Lincoln museum in danger of losing ‘extraordinarily important’ artifacts, director says
Alan Lowe, executive director of the Abraham Lincoln Presidential Library and Museum in Springfield, said having a collection of more than 1,000 artifacts auctioned off so the private foundation that purchased them can pay off the remainder of a loan would be “devastating” to the museum and its reputation. “No one in the country differentiates between us as a state agency and the private foundation,” Lowe said. (Photo courtesy of the Abraham Lincoln Presidential Library and Museum)
Worries private Foundation will have to auction items to repay $9.2M still owed on loan
By REBECCA ANZEL
Capitol News Illinois
SPRINGFIELD — The foundation that supports the 16th president’s library and museum mismanaged its assets in a way that could put an “extraordinarily important” collection of more than 1,000 Abraham and Mary Todd Lincoln artifacts at risk of being auctioned off, the museum’s chief has told lawmakers.
If that happens, Abraham Lincoln Presidential Library and Museum Executive Director Alan Lowe said, it would be “devastating” to the institution.
The collection includes the bloody gloves the former president had in his pocket when he died, his alleged stovepipe hat and a huge number of Mary Lincoln documents. The Abraham Lincoln Presidential Library Foundation — a private entity separate from the museum, which is a state agency — borrowed $23 million to purchase the artifacts in 2007 from Louise Taper, who was on the foundation’s board at the time.
The loan comes due in October, and the foundation still owes $9.2 million, Lowe said. Because the foundation retained ownership of the collection, there is a “great concern” it will auction those materials to raise enough money to pay back the bank.
“To lose it would be a real loss to obviously our institution, but I think to the state as well. For us, the auction of even one of those items would be a huge loss in many ways,” Lowe told legislators during hearings last month. “Historically and educationally, it’s a rich collection of documents and artifacts. But reputationally, it would devastate the institution.”
The director said the Library and Museum uses the collection in exhibits, for research and in educational programs, so losing access to the artifacts — having them “go back out into private hands” — would be a “devastating loss.”
But perhaps the greater damage, he added, would be to the institution’s reputation.
“No one in the country differentiates between us as a state agency and the private foundation,” Lowe said.
Foundation Vice Chair Nick Kalm said in a written statement to Capitol News Illinois, “…The ALPLM’s director reaffirmed that the museum relies on the important role the ALPLF plays in supporting the ALPLM. Part of that role includes acquiring collections, including the Taper Collection, at the request of the state of Illinois. We agree with the director and look forward to continuing our work together to secure Lincoln artifacts in the public realm for posterity."
When there were news reports last summer that the foundation was seeking an auction house to sell artifacts, Lowe said, previous donors called him to make sure items given to the institution would not be included in an auction.
Lowe added if an auction were to occur, any future donations “will dry up. At that point, your institutional reputation goes down the drain, and it would be a huge blow to the ALPLM,” he said.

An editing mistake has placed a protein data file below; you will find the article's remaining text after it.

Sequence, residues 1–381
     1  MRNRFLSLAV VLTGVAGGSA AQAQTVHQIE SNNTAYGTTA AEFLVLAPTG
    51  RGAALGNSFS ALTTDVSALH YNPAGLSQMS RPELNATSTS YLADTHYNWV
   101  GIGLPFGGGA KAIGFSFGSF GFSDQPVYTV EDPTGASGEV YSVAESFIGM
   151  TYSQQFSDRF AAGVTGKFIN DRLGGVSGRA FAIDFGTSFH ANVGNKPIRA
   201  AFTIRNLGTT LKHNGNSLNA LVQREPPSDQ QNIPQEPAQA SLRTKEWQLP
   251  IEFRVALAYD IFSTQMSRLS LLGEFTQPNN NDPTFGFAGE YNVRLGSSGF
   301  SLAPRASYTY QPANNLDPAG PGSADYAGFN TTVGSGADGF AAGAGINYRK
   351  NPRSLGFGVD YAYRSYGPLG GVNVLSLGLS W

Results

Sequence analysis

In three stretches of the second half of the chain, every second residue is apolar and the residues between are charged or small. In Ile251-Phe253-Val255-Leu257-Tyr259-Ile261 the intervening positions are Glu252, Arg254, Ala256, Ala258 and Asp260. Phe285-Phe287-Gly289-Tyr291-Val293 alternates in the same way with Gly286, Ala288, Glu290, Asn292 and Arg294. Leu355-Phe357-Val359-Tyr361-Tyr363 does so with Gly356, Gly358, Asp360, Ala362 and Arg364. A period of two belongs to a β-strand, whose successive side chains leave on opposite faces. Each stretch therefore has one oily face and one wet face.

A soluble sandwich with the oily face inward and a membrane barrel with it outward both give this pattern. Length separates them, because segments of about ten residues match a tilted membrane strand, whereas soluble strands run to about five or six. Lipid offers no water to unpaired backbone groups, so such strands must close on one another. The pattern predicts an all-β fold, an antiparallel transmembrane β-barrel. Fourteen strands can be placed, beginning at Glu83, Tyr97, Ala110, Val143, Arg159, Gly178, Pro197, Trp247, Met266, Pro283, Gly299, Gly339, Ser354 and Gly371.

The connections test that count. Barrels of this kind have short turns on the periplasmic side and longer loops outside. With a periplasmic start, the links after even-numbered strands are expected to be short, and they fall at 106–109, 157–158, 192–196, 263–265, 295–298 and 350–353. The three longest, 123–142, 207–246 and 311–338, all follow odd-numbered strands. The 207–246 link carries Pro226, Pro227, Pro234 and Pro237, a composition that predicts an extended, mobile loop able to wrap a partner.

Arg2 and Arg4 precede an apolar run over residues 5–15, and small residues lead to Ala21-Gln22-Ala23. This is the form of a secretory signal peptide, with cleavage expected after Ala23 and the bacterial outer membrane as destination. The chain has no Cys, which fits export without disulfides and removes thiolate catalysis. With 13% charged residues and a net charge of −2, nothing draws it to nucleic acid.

After listening to the director’s testimony, Rep. Stephanie Kifowit, a Democrat from Oswego, said she wanted to make sure the museum’s administration learned something from this “precarious situation.”
“I just want to make clear for the record that we’re not going to trust an independent foundation with very important artifacts in the future,” she said.
Before taking this position about three years ago, Lowe worked for the Ronald Reagan Library, Franklin Roosevelt Library, George W. Bush Library and the office of the National Archives that oversaw all presidential libraries.
The libraries had a close relationship with their corresponding foundations, he said. Typically, he would approach the foundation at the beginning of each year to inform them of what educational programming and exhibits the museum would like to host. The foundation would then raise the money to cover those costs.
He would also mention presidential-related artifacts coming on the market that year that he wanted the foundation to look into purchasing for the museum. If the foundation raised enough money to do so, it would donate the item to the museum.
“That’s what we need to have here,” Lowe said.
Republican Sen. Dan McConchie, from Hawthorn Woods, asked the director about the foundation’s fiscal transparency.
“If I pay a membership [fee], do we know where that money goes?” he asked.
“At this point, I do not know where that money goes,” Lowe said. “I know that, under our legislation, the foundation operates that program. They can use that money at their discretion. It’s supposed to be used toward our support, but as part of the concerns, frankly, over the last year of transparency with the foundation, I do not know specifically how those funds are spent.”
He added no one outside the foundation would have access to that information.
McConchie also asked about what the foundation’s annual financial statement filed with the federal government revealed. Lowe said the most recent document he has seen was from tax year 2016, which showed the foundation was given $1.7 million in donations.
Lowe testified before House and Senate panels with a budget request of $1.7 million, none of which would go toward the foundation. He said the money would be spent on additional staff to maintain the museum and library’s grounds and to begin the process of digitizing some of its other collections, housed on eight miles of shelving.